29 January 2015
As the world commemorated the 70th anniversary this week of the liberation of Auschwitz death camp, the Beehive’s flag fluttered at half-mast in tribute to the late King of Saudi Arabia, where women have no rights, beheadings are frequent and journalists and bloggers are whipped. A northern Maori leader warned that burqas would not be welcome at Waitangi celebrations next week and Winston Peters made his first racist statement of 2015.
The incongruent juxtaposition of these events is stunning. While Auschwitz stands forever shamefully head and shoulders above all other symbols of human intolerance and brutality, and while all memorial services in New Zealand and around the world were right to proclaim we must never let such events happen again, the above examples show we still have a long way to go in the tolerance stakes.
Yet the lessons of history are obvious. Take South Africa, for example. Our “bridge building” approach of the 1950s-70s did not work in changing the attitudes of the apartheid regime, and if anything reinforced its intransigence. It took the isolation and sporting and economic boycotts of the 1980s to free Nelson Mandela and usher in the development of the rainbow nation we know today.
Similarly with repressive states like Saudi Arabia. Lowering flags to commemorate the late King, or sending an incredibly high-powered delegation like President Obama has to pay homage to the new monarch merely reinforce the form and structure of the regime and its repressive practices. And, in their own way, incidents like banning burqas or racist statements by shallow politicians reinforce the prejudice that discrimination is more or less acceptable, provided your target is unpopular to start with, and you do not go too far.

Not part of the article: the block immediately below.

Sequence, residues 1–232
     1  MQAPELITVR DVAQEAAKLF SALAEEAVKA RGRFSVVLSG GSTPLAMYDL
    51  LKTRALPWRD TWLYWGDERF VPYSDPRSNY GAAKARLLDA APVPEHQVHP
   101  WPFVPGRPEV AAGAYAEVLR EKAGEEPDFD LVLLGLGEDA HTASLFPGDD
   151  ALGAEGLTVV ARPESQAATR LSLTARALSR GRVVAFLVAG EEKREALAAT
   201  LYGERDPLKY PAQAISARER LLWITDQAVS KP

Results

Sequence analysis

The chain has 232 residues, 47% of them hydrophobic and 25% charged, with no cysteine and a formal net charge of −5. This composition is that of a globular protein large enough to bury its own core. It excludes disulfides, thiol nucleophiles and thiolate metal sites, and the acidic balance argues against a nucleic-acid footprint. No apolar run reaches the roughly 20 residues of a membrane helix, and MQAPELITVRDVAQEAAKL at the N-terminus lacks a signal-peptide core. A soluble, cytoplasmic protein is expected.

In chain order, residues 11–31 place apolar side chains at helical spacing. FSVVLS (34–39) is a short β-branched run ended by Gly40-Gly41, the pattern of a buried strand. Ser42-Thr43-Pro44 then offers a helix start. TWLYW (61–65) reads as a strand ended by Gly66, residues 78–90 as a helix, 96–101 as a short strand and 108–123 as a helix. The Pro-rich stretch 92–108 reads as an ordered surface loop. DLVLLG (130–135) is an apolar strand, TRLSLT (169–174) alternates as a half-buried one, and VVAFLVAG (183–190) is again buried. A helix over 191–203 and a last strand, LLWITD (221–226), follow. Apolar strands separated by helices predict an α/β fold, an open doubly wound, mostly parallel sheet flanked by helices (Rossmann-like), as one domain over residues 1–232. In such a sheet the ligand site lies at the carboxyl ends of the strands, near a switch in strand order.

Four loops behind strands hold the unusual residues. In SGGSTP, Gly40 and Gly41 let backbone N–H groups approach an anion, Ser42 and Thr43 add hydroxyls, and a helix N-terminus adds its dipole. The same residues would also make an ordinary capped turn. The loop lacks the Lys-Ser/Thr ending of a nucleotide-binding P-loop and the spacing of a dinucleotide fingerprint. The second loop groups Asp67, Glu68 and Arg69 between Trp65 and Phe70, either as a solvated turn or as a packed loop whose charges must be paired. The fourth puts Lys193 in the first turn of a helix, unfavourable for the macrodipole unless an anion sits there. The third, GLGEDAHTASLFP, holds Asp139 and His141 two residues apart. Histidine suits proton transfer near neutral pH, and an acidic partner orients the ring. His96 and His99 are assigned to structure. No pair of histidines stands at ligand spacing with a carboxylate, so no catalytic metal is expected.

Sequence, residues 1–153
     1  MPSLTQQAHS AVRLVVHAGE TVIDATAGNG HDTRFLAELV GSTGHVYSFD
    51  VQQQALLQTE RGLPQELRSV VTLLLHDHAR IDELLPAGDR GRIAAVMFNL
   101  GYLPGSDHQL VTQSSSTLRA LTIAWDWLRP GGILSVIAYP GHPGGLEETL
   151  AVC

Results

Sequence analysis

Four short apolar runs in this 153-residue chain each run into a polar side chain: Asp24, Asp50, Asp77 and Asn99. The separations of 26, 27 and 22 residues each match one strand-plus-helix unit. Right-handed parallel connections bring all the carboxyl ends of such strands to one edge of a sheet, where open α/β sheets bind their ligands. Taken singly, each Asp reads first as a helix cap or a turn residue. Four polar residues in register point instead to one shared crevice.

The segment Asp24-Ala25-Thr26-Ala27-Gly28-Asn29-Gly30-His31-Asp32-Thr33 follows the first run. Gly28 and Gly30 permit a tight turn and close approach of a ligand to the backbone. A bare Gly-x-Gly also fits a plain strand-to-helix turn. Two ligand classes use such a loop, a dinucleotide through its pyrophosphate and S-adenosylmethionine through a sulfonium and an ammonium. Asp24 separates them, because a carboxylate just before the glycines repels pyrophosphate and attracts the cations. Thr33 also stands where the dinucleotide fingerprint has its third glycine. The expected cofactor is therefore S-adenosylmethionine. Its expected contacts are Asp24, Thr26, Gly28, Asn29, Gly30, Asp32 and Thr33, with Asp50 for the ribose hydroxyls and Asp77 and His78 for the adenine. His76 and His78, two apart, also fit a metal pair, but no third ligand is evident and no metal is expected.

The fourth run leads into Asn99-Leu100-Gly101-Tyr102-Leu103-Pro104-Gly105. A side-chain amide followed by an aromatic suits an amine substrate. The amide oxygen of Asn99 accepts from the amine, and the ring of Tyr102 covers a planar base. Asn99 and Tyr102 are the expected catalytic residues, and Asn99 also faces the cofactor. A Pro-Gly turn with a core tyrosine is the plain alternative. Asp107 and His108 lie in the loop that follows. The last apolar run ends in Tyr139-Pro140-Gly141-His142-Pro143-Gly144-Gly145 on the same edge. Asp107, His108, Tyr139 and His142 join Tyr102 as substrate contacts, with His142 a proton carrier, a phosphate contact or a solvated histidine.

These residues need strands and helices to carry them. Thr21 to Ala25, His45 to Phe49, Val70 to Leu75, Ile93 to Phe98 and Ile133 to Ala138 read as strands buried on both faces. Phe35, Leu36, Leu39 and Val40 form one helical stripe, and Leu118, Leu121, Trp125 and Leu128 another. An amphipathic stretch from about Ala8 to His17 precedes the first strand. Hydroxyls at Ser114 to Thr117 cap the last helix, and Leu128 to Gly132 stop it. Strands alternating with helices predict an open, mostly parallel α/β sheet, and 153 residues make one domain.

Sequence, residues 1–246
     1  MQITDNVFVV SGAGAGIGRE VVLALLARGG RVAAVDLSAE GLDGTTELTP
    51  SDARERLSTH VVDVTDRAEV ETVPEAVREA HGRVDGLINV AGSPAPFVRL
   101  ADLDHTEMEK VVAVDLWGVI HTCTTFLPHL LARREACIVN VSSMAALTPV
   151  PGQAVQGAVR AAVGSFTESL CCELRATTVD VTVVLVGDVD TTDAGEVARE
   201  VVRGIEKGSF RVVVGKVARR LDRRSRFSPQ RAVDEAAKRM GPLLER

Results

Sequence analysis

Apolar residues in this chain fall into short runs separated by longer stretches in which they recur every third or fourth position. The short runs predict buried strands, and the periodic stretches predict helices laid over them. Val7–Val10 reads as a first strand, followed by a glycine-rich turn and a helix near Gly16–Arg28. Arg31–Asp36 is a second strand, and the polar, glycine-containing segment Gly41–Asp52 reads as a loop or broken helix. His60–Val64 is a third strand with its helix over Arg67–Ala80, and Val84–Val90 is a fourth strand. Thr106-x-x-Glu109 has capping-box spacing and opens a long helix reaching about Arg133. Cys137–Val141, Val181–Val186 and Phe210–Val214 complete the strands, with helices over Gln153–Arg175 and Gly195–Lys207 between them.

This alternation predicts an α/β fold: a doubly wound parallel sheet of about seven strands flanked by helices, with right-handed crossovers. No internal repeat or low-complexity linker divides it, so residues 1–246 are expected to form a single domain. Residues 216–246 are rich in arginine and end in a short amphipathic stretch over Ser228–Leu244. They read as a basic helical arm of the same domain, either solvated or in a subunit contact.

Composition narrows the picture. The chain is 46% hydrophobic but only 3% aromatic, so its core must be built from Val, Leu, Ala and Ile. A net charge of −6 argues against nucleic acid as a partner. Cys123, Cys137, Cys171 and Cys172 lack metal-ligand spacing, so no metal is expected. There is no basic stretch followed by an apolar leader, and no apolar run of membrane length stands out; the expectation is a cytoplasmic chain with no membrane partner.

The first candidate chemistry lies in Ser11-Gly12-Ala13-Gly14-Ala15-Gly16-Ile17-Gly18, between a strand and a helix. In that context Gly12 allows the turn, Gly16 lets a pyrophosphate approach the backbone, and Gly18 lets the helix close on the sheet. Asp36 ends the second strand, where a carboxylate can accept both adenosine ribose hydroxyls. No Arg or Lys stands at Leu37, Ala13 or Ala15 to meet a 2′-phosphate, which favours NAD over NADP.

Now one might have expected the loftily titled “state of the nation” speeches by our two major political leaders to have made at least some passing comment about these matters. But, not unexpectedly, both were silent in favour of the mundane. One was a speech about housing, the other a trip down memory lane. Neither had the gravitas or substance to justify the “state of the nation” title.
The grief and emotion that has accompanied the Auschwitz events reinforces the reality that human beings are more than just mechanistic, uncaring robots. Attitudes, feelings and what we quaintly call values are the true and important shapers of our destinies. Maybe that was the point behind Eleanor Catton’s forthright comments in India. While not agreeing with the particular sentiments she expressed – although she had every right to do so, without abuse – I have some sympathy with her underlying message that nation states ought to stand for something, and are more than just collections of people all furiously getting on with their own lives, like bees in a hive.
Yet our indifference to the incongruent events around us suggests that is exactly what we are doing. And perhaps, more seriously, that no-one really cares too much. It may well be an expression of the complacency the long hot summer is inducing, or a very successful political management strategy. Either way, it cannot last.